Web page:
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Unformatted text preview: bsequent reads. The application is not notified that multiple reads
are being fulfilled from a single UDP datagram.
The TLI API does not discard the data. Instead a flag is returned indicating that more data is
available, and subsequent reads by the application return the rest of the datagram.
When we discuss TCP we'll see that it provides a continuous stream of bytes to the application,
without any message boundaries. TCP passes the data to the application in whatever size reads
the application asks for-there is never any data loss across this interface. 11.11 ICMP Source Quench Error
Using UDP we are also able to generate the ICMP "source quench" error. This is an error that
may be generated by a system (router or host) when it receives datagrams at a rate that is too
fast to be processed. Note the qualifier "may." A system is not required to send a source quench,
even if it runs out of buffers and throws datagrams away.
Figure 11.18 shows the format of the ICMP source quench error. We have a perfect scenario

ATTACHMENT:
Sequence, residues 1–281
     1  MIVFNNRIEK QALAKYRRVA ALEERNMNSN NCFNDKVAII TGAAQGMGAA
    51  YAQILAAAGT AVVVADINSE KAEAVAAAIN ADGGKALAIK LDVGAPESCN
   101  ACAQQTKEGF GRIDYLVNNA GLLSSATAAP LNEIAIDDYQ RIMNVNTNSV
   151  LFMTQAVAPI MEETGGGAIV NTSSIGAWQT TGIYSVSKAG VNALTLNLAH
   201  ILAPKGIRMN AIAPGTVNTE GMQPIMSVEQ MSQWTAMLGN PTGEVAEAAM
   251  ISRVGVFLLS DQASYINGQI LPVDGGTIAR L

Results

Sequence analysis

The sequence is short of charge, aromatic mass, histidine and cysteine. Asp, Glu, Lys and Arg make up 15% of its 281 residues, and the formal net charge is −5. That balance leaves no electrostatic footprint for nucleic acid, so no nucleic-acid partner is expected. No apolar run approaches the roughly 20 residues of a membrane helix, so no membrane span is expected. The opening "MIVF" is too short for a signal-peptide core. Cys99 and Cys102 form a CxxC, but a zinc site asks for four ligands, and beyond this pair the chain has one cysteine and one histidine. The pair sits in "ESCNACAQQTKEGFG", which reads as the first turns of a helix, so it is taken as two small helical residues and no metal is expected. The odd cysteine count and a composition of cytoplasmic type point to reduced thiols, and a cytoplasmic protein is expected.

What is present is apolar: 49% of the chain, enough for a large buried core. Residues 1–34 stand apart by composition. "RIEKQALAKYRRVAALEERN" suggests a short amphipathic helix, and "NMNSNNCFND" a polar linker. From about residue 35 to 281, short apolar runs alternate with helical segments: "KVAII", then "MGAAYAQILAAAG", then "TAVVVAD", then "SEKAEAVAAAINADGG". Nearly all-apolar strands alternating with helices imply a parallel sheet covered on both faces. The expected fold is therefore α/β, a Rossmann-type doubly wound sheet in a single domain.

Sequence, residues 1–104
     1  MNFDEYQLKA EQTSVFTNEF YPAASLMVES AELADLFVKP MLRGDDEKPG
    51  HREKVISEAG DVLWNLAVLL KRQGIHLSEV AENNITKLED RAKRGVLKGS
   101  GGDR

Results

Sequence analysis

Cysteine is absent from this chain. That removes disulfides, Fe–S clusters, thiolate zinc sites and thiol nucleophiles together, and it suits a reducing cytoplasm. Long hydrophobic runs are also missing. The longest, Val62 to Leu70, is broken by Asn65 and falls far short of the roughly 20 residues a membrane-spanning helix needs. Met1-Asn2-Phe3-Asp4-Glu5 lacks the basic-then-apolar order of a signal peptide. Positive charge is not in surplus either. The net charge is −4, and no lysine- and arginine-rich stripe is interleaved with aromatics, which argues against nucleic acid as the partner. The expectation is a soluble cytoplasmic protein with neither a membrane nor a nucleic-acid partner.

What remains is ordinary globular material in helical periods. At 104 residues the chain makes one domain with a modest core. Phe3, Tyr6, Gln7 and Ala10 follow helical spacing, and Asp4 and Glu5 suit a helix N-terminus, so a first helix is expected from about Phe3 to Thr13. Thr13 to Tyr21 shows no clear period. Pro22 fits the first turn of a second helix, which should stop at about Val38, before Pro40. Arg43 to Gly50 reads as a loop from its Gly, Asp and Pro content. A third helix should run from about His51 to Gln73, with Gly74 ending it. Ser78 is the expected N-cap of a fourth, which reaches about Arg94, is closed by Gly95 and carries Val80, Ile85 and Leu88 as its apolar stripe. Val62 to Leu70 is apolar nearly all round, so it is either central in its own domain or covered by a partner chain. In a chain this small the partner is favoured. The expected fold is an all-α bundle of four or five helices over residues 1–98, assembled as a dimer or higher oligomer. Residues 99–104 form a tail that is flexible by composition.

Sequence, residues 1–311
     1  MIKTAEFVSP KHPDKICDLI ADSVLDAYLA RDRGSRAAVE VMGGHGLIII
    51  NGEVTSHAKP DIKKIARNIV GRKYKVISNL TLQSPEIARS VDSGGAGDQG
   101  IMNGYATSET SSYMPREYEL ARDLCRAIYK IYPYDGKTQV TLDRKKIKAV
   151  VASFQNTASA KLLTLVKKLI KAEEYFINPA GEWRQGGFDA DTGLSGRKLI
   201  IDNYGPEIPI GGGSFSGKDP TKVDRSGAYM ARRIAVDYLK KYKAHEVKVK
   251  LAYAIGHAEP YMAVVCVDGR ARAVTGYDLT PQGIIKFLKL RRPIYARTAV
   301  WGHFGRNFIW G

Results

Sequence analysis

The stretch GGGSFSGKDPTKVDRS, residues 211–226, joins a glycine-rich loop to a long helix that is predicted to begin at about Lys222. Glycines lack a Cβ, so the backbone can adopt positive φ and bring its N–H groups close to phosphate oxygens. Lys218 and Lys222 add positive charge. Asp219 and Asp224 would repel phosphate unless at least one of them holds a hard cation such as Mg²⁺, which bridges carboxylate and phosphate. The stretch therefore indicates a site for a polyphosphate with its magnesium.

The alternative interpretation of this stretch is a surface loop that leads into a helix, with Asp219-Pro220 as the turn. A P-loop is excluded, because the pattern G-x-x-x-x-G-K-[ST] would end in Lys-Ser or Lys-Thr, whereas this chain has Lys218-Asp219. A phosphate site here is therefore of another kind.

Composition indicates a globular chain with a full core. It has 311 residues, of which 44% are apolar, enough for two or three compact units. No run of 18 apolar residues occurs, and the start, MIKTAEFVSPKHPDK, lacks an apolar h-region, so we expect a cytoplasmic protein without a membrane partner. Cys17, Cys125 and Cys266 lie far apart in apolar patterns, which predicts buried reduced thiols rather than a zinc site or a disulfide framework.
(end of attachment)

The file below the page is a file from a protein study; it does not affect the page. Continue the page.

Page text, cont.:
with our test network for generating this error. We can send datagrams from bsdi to the router
sun across the Ethernet that must be routed across the dialup SLIP link. Since the SLIP link is
about 1000 times slower than the Ethernet, we should easily be able to overrun its buffer space.
The following command sends 100 1024-byte datagrams from the host bsdi through the router
sun to solaris. We send the datagrams to the standard discard service, where they'll be ignored:
bsdi % sock -u -i -w1024 -n100 solaris discard Figure 11.18 ICMP source quench error.
Figure 11.19 shows the tcpdump output corresponding to this command.
1 0.0 bsdi .1403 > solaris.discard: udp 1024
26 lines that we don't show file:///D|/Documents%20and%20Settings/bigini/Doc...omenet2run/tcpip/tcp-ip-illustrated/udp_user.htm (20 of 29) [12/09/2001 14.46.58] Chapter 11. UDP: User Datagram Protocol 27
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